In the preface to his novel Burnet describes this as a true story uncovered while he was researching his own family history in a Scottish archive. I don’t believe that’s actually true but it’s a clever layer to the fiction and adds a certain gravity to the tale he goes on to tell. The story he’s uncovered is that of seventeen year old Roddy Macrae who, we’re told, was charged with a horrific triple murder in a remote Highland crofting community in 1869. In this novel Burnet brings together all the original evidence relating to the trial that followed: the witness statements, post mortems, expert opinions, court transcripts and, most remarkably, Roddy’s own lengthy account of the events leading up to the crime. Roddy’s defence claims that he was suffering from a sort of temporary insanity at the time of the murders but would an insane man know he was insane? And if so, can you really trust anything he tells you?

This isn’t a straight forward crime/detective genre novel. Instead, as Burnet applies layer upon layer of information he leaves the reader to decide how far the evidence can be trusted and whether Roddy was really in his right mind at the time of the murders. I think the ‘documents’ format works really well in this respect as it means the reader can see the same man, and the same crime, from several different angles, each one with its own agendas and prejudices. Burnet’s restraint in handling all these different layers is evident here and it never feels disjointed or jarring. With hindsight I’m not sure that Roddy’s own account of the crime feels quite as historically authentic as some of the other reports but in some ways this works in the novel’s favour. It certainly creates a really atmospheric picture of this tiny, isolated community with its ancient customs, language, feuds and tensions.

It took me a while to realise that Burnet was deliberately leaving the ‘facts’ of the case open to interpretation by providing conflicting opinions and omitting certain details from Roddy’s memoir. One key piece of information mentioned briefly in a post-mortem report had me scratching my head for ages as it didn’t tally with Roddy’s own account, which I wanted to be truthful. It was at his point that I realised that there was clearly more to this tale than initially meets the eye and I spent much of my time from hereon waiting for a twist, a big reveal, that would suddenly make everything fall into place. However, I think by refusing to hold your hand or provide all the answers Burnet makes this a much more gripping, though unnerving, read. It’s the kind of book that will either leave you disappointed by the lack of answers or raking over the details in your head for days following. My response was much more like the latter.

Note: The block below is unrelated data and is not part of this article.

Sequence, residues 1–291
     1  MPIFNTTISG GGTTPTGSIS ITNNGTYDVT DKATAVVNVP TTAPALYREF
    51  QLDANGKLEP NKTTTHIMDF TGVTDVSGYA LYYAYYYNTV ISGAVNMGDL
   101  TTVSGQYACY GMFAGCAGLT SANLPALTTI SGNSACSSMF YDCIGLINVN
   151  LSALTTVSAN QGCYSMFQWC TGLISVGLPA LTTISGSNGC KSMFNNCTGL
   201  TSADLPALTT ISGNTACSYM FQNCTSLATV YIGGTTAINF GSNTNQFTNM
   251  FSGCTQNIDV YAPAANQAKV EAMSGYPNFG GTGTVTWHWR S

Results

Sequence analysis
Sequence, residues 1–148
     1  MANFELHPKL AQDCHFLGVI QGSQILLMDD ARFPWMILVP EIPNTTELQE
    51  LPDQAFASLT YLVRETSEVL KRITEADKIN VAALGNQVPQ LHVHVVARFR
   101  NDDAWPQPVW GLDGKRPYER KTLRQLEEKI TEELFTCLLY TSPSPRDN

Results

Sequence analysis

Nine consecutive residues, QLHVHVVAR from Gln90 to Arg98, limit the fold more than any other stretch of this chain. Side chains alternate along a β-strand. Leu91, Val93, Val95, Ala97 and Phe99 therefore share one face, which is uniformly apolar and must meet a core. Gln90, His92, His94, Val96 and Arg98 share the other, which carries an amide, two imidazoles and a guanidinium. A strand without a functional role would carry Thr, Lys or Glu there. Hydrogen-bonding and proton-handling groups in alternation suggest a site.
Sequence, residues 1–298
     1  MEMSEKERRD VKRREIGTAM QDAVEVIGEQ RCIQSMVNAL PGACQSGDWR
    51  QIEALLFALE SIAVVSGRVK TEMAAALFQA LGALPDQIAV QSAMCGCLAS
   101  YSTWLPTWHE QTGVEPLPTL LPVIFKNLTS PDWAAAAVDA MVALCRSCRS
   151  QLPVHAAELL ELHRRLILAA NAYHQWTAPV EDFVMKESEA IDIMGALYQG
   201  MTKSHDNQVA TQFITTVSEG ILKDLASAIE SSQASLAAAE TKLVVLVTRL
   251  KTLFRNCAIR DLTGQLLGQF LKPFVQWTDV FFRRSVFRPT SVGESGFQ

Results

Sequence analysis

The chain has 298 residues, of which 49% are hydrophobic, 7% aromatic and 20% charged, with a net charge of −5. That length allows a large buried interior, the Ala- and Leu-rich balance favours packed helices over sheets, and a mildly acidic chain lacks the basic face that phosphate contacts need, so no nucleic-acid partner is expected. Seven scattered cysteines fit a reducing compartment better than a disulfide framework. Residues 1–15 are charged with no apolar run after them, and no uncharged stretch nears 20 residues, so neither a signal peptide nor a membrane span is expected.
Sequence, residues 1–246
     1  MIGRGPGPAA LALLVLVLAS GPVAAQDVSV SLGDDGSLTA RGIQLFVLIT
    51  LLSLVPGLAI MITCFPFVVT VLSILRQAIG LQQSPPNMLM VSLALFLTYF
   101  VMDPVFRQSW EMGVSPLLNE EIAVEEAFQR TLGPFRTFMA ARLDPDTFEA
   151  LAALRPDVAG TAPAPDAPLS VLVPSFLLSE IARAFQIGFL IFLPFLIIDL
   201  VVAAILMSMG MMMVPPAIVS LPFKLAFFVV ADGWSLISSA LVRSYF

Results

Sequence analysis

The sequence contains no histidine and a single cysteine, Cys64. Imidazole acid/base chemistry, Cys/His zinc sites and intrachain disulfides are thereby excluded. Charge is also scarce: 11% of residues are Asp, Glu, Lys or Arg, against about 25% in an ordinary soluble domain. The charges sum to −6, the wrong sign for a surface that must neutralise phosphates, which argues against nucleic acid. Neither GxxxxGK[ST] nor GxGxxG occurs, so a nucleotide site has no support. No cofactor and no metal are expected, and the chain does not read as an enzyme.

Shylock is my Name (2016) by Howard Jacobson

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There has been frustratingly little reading time this last week or two and I’m trying very hard not to feel a bit down about it. It’d be horrible if reading were to become some sort of competition where I have to read so many books in a year or I’ll feel like a failure…. But at the moment it seems to be taking me a long, long time to finish any books at all. It’s disappointing. I miss reading. It makes my day (and me) a little bit nicer.

“That’s how vilification works. The victim ingests the views of his tormentor. If that’s how I look, that’s what I must be.”

This book was a birthday present from P earlier in the year on the back of a documentary we saw with Jacobson and Alan Yentob in Venice in which they talked about our responses to Shylock. I came away with the impression that this was a sort of retelling of The Merchant of Venice but that’s not quite right; it’s more of a re-plotted, re-imagined tale in which Shylock – not a version of Shylock but the actual Shylock fresh from Venice – strikes up a strange friendship with modern day art dealer Simon Strulovitch in a Manchester cemetery. The two have a lot to talk about and when Strulovitch’s precocious daughter Beatrice becomes entangled with a Nazi saluting footballer, Shylock suggests that Strulovitch exact his ‘pound of flesh’ from the man who has wronged him in a way that will sound eerily familiar.

The conversations between Strulovitch and Shylock form the backbone of this novel. They discuss errant daughters, fatherhood, what it means to be Jewish and how Jews and non-Jews regard each other in the modern world. Their discussions are interesting, funny and challenging enough that they aren’t as tortuous as they would be in the hands of a less clever author. In fact, they’re the perfect mouthpiece for Jacobson to explore Shylock’s place in our world and you get a strange sense that he’s really enjoying doing this. The rest of the novel feels kind of flimsy in comparison and I wondered whether Portia (or Plurabelle as she is here) deserves a bit better than Jacobson is willing to give her; she’s no longer the spirited young woman capable of annihilating Shylock in court but the vapid star of a reality TV show. It doesn’t seem quite fair. Shylock on the other hand is just as disconcerting here as he is in the play; he’s vociferous both in defending his own actions four hundred years previously and in urging Strulovitch towards revenge.